34% of the entrepreneurs served by the BBVA Microfinance Foundation abandon poverty after two years

BBVA Microfinance Foundation (BBVAMF) institutions supported more than 270,000 new clients in 2018, and now serve over 2 million entrepreneurs in five Latin-American countries. This is one of the figures in the 2018 Social Performance Report, recently presented in the Dominican Republic, Colombia, Peru and Chile. This report shows how the Foundation’s entrepreneurs get ahead thanks to the income generated from their microenterprises.

Of the Foundation’s 270,000 new clients, 84% are living under vulnerable conditions, 57% are women and 33% live in rural areas. Furthermore, 32% possess only primary education at best and 34% are under 30 years old. “This support for the youth is important because they are society’s future”, pointed out the head of Analysis in the BBVAMF Impact Assessment & Strategic Development, Isabel García. Social performance data are, she says, “a guide showing the way so that we don’t swerve from the purpose, which is the development of vulnerable entrepreneurs.”

The report also indicates that 34% of entrepreneurs abandon poverty after two years of working with the Foundation’s MFIs, that help them access credit, savings account, microinsurance, financial education and skills training. Thanks to this support and to the long-term accompaniment from the Foundation’s officers, 55% raised their incomes in 2018, while their assets and sales grew at annual rates of 23% and 17%, respectively.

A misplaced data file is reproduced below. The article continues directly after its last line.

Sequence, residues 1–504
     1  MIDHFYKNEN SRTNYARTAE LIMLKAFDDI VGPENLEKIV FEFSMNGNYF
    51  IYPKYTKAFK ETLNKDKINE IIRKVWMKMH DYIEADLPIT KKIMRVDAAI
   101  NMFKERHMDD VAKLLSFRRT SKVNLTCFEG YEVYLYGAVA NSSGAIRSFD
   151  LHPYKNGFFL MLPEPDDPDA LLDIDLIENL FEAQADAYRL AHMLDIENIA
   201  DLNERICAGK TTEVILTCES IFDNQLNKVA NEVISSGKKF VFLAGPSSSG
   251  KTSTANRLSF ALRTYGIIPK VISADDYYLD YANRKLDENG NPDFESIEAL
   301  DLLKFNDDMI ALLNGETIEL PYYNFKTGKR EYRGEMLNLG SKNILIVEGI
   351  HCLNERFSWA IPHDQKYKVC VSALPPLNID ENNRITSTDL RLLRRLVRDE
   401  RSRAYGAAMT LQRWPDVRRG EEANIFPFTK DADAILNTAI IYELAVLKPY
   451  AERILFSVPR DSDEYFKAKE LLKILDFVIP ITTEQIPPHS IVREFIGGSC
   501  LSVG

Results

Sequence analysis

“Women’s enterprises show the fastest growth, but are also the most vulnerable”, Isabel García shared during the presentations of the report, which focused on one of the Foundation’s strategic priorities: women. The lack of work opportunities and the large amount of time they spend on unpaid work and looking after their families limit their scope for generating income. As she said, “as an alternative to economic dependence or to the informal economy, they decide to set up small businesses. To do that, financial inclusion is critical.”

Social Performance Report 2018